BOZEMAN – On Saturday night Feb. 9, at 10:35 p.m., The Gallatin County Sheriff’s Office received a call reporting two overdue backcountry skiers. The skiers had planned on skiing the Blackmore Trail near Hyalite Dam and told a sister to expect them back in the evening.

When they hadn’t returned by 10 p.m., the sister called the Sheriff’s Office. Approximately 30 Search and Rescue Volunteers responded to the call. More than 10 inches of new and wind overnight in the area prevented searchers from doing a complete search that night, but a full-scale search was started at 5:30 a.m. The skiers were located around 8:30 a.m. as they were making their way down the mountain.

The men, one from Big Timber and one from Idaho, reported that at 6 p.m. they triggered an avalanche on a north facing slope near Alex Lowe Peak, southwest of Mount Blackmore. One of the skiers was caught in the slide and was swept down a couple hundred vertical feet. He lost a ski but was uninjured.

The avalanche broke an estimated 300 feet wide and ran approximately 500 vertical, according to the Gallatin National Forest Avalanche Center. The skier triggered the slide near exposed rocks where the snowpack was thin. A pencil-hard wind slab atop facets was the set up that produced the avalanche.

Due to worsening weather conditions, the skiers were not able to return to their car that night. The men were unable to build a fire and spent the night sheltered behind a rock. They began their descent at daybreak.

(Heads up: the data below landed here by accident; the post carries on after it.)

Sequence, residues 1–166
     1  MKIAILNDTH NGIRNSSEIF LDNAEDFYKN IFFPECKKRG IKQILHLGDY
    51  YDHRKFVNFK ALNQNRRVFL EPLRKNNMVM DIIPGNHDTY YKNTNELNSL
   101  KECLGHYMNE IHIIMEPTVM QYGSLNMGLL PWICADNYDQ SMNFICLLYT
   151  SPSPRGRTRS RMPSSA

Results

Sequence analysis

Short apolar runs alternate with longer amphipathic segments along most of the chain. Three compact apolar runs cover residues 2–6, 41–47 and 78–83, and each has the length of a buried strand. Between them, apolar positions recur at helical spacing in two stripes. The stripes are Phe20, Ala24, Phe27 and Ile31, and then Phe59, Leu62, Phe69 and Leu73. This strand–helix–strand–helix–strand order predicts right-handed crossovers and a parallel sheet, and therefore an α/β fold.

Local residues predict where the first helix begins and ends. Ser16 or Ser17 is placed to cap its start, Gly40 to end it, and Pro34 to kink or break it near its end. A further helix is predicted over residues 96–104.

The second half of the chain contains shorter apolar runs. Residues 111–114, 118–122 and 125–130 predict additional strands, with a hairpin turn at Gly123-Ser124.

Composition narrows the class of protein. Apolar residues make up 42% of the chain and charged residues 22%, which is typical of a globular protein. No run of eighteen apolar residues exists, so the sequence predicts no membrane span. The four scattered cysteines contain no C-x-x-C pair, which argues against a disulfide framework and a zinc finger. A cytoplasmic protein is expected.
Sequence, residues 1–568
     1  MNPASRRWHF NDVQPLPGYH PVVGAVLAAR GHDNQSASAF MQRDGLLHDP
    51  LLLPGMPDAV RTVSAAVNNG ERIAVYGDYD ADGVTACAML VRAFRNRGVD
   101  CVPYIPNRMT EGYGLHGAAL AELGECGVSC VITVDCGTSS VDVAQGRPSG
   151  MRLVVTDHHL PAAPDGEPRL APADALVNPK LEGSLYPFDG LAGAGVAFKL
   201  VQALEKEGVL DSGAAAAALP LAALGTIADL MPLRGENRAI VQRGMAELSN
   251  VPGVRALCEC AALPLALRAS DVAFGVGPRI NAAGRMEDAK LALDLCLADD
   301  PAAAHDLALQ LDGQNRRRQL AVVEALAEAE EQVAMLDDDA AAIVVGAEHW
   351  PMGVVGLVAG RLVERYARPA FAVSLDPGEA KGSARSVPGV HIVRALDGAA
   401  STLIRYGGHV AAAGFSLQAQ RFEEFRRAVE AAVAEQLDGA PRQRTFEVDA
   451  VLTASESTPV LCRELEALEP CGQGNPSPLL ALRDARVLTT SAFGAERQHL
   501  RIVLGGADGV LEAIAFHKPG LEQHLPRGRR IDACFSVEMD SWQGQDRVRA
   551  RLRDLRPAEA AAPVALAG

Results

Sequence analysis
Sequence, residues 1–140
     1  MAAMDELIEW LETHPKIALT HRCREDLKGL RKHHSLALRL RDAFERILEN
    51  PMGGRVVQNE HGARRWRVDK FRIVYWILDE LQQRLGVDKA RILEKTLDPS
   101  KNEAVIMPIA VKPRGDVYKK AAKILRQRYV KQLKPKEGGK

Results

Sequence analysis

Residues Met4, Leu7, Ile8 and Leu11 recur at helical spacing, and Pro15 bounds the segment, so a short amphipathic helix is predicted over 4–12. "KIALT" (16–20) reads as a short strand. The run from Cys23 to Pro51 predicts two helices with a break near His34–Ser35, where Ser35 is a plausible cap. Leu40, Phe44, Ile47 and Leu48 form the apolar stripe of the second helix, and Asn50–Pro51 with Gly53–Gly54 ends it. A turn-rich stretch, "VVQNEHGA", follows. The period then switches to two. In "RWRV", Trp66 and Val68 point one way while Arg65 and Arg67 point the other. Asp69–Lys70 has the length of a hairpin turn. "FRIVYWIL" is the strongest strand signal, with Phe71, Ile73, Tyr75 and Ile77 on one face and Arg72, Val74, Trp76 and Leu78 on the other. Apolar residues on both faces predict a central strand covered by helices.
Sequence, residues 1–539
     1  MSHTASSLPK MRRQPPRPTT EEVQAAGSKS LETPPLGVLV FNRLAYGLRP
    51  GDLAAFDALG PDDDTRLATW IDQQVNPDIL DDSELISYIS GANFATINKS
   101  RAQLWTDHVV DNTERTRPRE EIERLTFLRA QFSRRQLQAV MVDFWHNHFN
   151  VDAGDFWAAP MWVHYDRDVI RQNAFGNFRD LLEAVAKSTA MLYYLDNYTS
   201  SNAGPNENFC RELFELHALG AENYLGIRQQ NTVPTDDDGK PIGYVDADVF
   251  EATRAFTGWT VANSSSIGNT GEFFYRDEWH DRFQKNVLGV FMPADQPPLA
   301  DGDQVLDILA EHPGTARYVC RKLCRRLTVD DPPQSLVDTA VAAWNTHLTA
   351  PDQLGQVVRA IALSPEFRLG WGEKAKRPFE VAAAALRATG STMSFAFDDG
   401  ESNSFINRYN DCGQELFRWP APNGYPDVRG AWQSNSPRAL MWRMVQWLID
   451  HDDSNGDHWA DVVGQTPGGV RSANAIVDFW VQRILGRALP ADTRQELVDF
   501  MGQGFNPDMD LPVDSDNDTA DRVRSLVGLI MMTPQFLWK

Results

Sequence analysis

The skiers did several things right, said Gallatin County Sheriff Brian Gootkin: Letting someone know where they were going and what time they expected to be back and traveling with a partner.

A report on this incident will be available in the next day or two at mtavalanche.com.

“Since Saturday, a foot of fresh snow has fallen in the northern Gallatin Range. This has put additional stress on buried weak layers in the snowpack,” wrote GNFAC forecaster Eric Knoff in today’s avalanche advisory.

A similar situation exists in the mountains around Big Sky, Knoff wrote, noting that a skier remotely triggered a slide on a west-facing slope in Beehive Basin on Sunday.

This is “bull’s eye data the snowpack is unstable. The tricky part about this situation is some slopes have buried weak layers while others do not. There is little consistency as to what slopes harbor buried facets, so careful snowpack evaluation is essential before committing to avalanche terrain.”